I've had a problem this week . . . I've been insatiable.
It's a feeling that hits me about once a month, and when it does, I am overwhelmed by my desire for food. Over the past few years, I've become one of those people who gets full pretty quickly (even though I was never like that when I was younger), but when a bout of what I call "The Insatiables" hits, I can never seem to feel satisfied, not to mention full.
The result is that it feels like I eat all day long and simply cannot stop eating.
Don't get me wrong—I'm not a binge eater. I don't sit down and eat a whole pint of ice cream or a bag of chips. Or both. But during these monthly bouts of insatiability, I can slowly make my way through all of the food groups in one day. More than once.
This last round of insatiability started early on Monday and lasted through Tuesday night (thank God it's finally over), and I spent the first half of the week trying to figure out why I could no longer control my eating.
Was I upset about something? Was I falling back on the old feeding-my-emotions trick?
Those questions didn't lead me to an answer, but something else did . . . over the weekend (a time when I usually indulge), I had tried to make healthier choices. We ate light on Friday because we were going to the movies that night and didn't want to miss any of the film for bathroom breaks, and when we went out to dinner on Saturday, I intentionally ordered the lowest calorie item on the menu.
I think that's where things went off the rails because even after we finished dinner I still felt unsatisfied. Yes, I was full, but I wasn't sated.
The next day we went out for drinks with friends, and the beer made me too bloated to eat a real meal that night. Translation: I still didn't feel like I'd had much to eat that weekend.
Monday was when the sh*t hit the fan.
We were both struggling with our writing projects and, in order to cope, decided to indulge in some much needed comfort food: Skyline chili.
If you don't know, Skyline chili is served over pasta. Yes, pasta. With cheese. A single entree doesn't get much more decadent than that. Well, unless you add sour cream, which I have seen people do when they make it at home.
For some reason, every time I eat Skyline chili, I lose control of myself. It is so good that I feel I must go back for seconds and can't wait until I go to sleep that night so I can eat the leftovers the next day.
So this is how Monday and Tuesday went—eat some Skyline, have some more Skyline, and have even more Skyline on top of that.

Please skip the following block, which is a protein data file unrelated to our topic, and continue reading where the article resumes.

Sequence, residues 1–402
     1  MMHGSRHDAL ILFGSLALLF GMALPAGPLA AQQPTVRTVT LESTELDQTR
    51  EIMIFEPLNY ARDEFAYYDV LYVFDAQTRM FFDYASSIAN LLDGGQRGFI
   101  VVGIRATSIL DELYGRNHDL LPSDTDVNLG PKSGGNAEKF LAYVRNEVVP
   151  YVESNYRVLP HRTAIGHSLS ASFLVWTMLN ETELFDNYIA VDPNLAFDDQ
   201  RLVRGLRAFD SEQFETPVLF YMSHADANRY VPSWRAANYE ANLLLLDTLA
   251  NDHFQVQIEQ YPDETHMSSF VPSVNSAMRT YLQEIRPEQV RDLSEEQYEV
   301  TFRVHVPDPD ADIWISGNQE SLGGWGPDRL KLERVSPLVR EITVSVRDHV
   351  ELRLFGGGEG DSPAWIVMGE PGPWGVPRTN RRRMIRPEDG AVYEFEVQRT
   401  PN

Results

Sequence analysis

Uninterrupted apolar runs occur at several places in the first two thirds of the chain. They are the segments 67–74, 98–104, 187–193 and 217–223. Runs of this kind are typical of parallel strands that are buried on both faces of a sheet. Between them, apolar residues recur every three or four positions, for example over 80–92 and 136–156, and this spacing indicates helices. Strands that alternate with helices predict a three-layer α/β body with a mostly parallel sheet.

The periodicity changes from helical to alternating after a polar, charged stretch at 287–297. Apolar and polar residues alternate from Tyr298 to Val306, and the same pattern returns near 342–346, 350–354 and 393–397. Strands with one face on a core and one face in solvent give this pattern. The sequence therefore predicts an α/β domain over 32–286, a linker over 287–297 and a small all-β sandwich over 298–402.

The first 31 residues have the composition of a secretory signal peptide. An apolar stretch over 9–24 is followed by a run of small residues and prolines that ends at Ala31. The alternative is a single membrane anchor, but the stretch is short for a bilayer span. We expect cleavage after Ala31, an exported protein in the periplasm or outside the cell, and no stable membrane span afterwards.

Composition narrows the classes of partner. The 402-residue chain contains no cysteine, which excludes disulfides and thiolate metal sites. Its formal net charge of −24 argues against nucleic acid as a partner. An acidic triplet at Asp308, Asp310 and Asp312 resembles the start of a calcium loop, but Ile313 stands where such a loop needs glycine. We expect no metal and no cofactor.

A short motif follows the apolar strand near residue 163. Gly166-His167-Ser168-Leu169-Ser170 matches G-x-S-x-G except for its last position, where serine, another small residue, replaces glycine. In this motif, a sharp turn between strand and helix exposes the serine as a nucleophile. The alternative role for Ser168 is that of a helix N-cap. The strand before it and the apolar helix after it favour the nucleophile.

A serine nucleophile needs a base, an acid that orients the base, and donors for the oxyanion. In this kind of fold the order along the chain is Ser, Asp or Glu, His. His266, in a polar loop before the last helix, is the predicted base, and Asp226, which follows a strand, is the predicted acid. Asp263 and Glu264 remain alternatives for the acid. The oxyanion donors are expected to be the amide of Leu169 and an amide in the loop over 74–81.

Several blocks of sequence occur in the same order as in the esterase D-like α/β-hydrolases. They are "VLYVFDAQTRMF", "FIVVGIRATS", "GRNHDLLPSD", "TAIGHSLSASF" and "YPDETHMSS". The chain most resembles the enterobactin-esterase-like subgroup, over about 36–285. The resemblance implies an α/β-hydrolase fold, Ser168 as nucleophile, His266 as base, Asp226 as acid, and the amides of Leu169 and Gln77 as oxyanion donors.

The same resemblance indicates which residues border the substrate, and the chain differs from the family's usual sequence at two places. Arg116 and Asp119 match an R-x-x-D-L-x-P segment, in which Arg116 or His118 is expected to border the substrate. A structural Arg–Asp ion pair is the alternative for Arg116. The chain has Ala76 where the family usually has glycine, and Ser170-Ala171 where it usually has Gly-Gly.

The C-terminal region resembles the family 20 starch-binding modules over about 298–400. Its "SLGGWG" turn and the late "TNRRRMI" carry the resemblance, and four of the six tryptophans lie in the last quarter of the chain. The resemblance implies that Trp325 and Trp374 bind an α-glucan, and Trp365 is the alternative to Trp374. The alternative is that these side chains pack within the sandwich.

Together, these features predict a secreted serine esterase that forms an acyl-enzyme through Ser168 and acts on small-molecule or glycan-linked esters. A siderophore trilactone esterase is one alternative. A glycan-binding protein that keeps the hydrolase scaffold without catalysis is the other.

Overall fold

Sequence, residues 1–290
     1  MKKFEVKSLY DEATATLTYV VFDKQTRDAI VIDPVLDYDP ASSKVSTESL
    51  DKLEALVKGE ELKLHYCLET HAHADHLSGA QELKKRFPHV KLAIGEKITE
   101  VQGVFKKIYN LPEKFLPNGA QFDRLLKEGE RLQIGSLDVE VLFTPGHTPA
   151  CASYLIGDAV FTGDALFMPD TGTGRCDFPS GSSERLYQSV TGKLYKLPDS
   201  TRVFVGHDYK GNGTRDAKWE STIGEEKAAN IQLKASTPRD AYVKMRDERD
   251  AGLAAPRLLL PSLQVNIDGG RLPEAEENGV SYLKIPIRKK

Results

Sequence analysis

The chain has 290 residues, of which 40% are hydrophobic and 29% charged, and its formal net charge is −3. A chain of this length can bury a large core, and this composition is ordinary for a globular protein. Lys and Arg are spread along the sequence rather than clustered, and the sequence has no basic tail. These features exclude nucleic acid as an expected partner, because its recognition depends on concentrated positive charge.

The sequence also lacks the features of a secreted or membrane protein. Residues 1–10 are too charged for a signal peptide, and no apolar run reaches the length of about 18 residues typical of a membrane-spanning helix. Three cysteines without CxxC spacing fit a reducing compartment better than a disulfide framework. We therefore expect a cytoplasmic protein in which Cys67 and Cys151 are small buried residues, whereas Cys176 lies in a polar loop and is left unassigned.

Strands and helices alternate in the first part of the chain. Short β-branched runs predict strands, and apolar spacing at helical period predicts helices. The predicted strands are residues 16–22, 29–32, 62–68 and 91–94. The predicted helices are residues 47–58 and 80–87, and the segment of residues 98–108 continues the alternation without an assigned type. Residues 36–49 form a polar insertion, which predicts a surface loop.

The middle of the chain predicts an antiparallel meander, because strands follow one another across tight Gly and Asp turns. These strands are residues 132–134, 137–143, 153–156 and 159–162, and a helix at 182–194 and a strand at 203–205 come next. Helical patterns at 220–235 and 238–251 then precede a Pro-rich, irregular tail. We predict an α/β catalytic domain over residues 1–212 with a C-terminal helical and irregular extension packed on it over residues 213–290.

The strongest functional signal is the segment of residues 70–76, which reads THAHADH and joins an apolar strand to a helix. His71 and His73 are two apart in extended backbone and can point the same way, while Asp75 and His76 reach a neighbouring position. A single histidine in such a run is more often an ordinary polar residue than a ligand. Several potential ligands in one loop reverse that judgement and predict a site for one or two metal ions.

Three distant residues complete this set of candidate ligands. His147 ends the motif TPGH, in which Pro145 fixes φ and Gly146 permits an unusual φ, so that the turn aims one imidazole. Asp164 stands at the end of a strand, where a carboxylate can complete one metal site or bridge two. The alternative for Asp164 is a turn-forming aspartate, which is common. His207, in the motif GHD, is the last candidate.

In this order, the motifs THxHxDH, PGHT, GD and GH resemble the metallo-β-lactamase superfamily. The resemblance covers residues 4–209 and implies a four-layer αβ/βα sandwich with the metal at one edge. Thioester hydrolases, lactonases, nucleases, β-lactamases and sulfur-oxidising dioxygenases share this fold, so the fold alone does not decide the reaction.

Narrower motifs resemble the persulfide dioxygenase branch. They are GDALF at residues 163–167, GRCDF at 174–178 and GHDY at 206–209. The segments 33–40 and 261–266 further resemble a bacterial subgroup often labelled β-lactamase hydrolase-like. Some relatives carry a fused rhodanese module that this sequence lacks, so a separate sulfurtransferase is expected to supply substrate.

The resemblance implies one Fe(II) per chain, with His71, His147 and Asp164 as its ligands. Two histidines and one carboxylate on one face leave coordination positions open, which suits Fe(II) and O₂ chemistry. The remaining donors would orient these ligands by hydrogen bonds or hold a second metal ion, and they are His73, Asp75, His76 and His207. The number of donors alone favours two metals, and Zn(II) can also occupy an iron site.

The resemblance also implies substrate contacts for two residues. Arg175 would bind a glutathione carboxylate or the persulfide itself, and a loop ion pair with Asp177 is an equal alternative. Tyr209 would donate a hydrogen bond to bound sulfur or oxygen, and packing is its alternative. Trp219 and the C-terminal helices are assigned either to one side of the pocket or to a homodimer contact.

It was like I was in a chili-eating contest.
And I was winning.
As cliched as it sounds, it was an unmitigated disaster, facilitated by the fact that Dave and I usually make enough food for four people, so we can eat it for two days (and thus avoid cooking two days in a row).
Thank God we ran out of Skyline on Tuesday night because, I swear on my mother-in-law's life, if there was Skyline in the house right now, I might not be able to stop myself from eating it.
So part of the problem was the Skyline.
But I believe the bigger problem was my meal on Saturday.
Dave and I try to eat out only once a week, and when we did that last weekend, I picked something that was healthy rather than indulgent, which is where I think I went wrong.
I always talk about how one of the reasons dieting doesn't work is because whenever we are denied something we want, we end up wanting it even more. (Remember how appealing beer was before you were twenty-one?) But sometimes I forget that even small changes in your diet can leave you craving the things you're trying to avoid.
That's what I believe happened to me this week—instead of having a greasy pizza or a nice fat juicy cheeseburger during my one meal out on Saturday night, I had vegetables and shrimp in a curry sauce.
Sure, it was delicious, but it was also light.
I've known for years that we NEED to indulge ourselves sometimes, so it's kind of embarrassing to admit that even I still make the mistake of denying myself that indulgence. I guess it makes me human if I have to remind myself not to take the healthy living thing too far sometimes.
The funny thing is that I know for sure that if I'd ordered the same meal last Saturday because I wanted it (rather than because it was healthy), I would have never had the problem I did after it was all over. I would have never had a raging case of The Insatiables.
As it turns out, my need to feel satisfied was simply psychological.
And now that I've figured that out, I just need to figure out what I can do the next time the psychological desire to eat chili for two days straight takes over every cell of my being.